By Gregg Herman
I remember learning on the first day of law school that “bad facts make bad law.”
I’m not sure that the recent Wisconsin Supreme Court decision in McLeod v. Mudlaff, Nos. 2011AP1176 and 2011AP1177, is bad law. But the case certainly seems to involve bizarre facts.
The result is a holding that even though a marriage cannot be annulled after the death of a party, it can be voided.
McLeod involved two consolidated estate cases, which were certified by the Court of Appeals.
The cases arose from competing petitions for the appointment of a personal representative and the formal administration of the estate of Nancy Ellen Laubenheimer by Joseph McLeod, Nancy’s surviving spouse, and Patricia Mudlaff, Nancy’s stepdaughter.
Patricia asserted that Nancy’s marriage to Joseph was invalid because Nancy lacked the mental capacity to consent to the marriage. The effect would be to strip Joseph of any inheritance rights.
On Oct. 1, 2008, Nancy suffered a stroke, which resulted in a “Statement of Incapacitation,” signed by two doctors, concluding that she was “unable to receive and evaluate information effectively or to communicate decisions,” and that she lacked the capacity to make health-care decisions.
Twelve days later, she was transferred to a nursing home where she remained until she died. Her condition never improved.
Nonetheless, McLeod took her out of the nursing home Oct. 27, 2008, to obtain a marriage license, and again on Nov. 3 for a marriage ceremony.
One wonders what type of ceremony was held, but the record is devoid of such information.
Nancy died on Feb. 5, 2009. As she had never had any children, her husband of a little over three months was her sole heir. Patricia and the other stepchildren, heirs under Nancy’s will, were not amused.
Finding a remedy
The problem with Wisconsin law is that a marriage cannot be annulled after a death of a party. Patricia argued, however, that Wisconsin law can find a marriage void where a party has such want of understanding as renders him or her incapable of assenting to marriage.
There is a significant difference between voiding and annulling a marriage. While in both instances it means the marriage never occurred, in an annulment, the court has the authority to order property division and spousal support, which it cannot do when voiding a marriage. It is rare, however, that property division or support are issues in an annulment, given the limited circumstances where they are available remedies.
Justice David Prosser’s majority opinion relied heavily on the Court of Appeals’ rationale from its 2001 opinion in Ellis v. Estate of Toutant, holding that while annulment is the proper remedy for an infirmity where the parties are alive, both common law and Toutant allow the remedy of declaring the marriage void where one of the parties has died.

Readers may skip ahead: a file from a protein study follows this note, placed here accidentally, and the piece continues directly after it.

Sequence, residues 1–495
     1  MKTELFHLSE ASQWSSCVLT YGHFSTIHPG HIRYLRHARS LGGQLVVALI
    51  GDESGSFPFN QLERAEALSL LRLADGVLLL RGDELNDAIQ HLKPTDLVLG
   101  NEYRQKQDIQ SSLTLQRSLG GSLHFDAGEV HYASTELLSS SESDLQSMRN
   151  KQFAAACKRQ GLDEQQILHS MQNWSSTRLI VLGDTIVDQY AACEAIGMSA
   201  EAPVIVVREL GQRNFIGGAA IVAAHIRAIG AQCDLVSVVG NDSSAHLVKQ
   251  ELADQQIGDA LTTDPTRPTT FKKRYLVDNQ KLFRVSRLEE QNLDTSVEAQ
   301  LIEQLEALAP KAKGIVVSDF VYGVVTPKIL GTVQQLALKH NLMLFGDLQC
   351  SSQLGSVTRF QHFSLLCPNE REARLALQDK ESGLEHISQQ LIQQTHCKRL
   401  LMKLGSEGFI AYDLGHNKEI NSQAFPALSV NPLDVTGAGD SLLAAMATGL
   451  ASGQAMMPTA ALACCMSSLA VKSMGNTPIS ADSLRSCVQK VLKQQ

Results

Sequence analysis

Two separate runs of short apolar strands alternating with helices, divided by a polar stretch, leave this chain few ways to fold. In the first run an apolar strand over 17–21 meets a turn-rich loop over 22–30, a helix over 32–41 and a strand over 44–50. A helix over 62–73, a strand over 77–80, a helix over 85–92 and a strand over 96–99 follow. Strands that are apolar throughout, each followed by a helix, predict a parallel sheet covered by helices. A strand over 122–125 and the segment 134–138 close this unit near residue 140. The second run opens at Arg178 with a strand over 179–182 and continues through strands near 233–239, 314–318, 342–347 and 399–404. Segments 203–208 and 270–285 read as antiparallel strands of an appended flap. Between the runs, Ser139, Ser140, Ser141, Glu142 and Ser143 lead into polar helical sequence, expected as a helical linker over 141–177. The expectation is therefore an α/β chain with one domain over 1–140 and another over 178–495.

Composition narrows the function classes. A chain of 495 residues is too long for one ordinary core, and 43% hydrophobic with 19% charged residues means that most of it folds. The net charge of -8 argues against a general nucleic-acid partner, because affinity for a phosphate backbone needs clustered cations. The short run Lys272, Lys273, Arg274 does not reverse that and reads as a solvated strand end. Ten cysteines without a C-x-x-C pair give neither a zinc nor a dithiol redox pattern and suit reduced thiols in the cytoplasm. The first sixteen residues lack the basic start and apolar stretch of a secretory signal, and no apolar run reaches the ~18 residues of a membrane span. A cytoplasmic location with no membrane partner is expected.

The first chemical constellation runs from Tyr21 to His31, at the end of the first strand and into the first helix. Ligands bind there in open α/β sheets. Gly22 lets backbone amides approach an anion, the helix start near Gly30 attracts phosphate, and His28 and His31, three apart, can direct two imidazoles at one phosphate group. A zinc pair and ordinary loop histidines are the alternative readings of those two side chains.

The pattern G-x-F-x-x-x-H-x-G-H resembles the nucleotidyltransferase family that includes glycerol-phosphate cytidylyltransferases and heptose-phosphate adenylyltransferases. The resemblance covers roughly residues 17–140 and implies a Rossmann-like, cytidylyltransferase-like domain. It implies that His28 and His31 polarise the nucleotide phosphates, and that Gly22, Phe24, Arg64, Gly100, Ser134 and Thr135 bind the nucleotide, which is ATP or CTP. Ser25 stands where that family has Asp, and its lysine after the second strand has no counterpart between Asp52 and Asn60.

The state’s high court remanded the case to the circuit court to determine whether Nancy had the capacity to enter into marriage at the time of the ceremony.
Given the facts of this case, it’s not surprising that the court wanted to provide an available remedy. If the facts as alleged by Patricia are true, it would be shocking if Joseph could inherit under these circumstances.
Earlier this year, state justices held in Johnson v. Masters that even while the statute of repose in § 893.40 applies in the family-law context, the court has to interpret the relevant statutes to avoid “absurd or unreasonable results.”
Similarly, the state Supreme Court in McLeod seemed determined to find a statute — and a case — to avoid a possible “absurd or unreasonable” result. So, if an annulment is clearly not an available remedy, allowing the court to void the marriage would make available essentially the same result.
Justices Annette Ziegler and Michael Gableman dissented in separate opinions. While their reasoning differs, they both urged the legislature to consider the law and make any appropriate changes.
While their reading of the applicable statutes and case law is rather compelling, it is inconceivable that, if the situation is as outrageous as it seems — taking an incapacitated person out of nursing home, getting married and then inheriting her estate when she died shortly thereafter — that there would be no remedy available. Again, facts sometimes drive results.
This decision doesn’t end the matter, of course. Patricia must now go back to the circuit court and prove the marriage ceremony should never have been held.
While I cannot speculate on whether she will succeed, the state Supreme Court’s decision gives her a chance.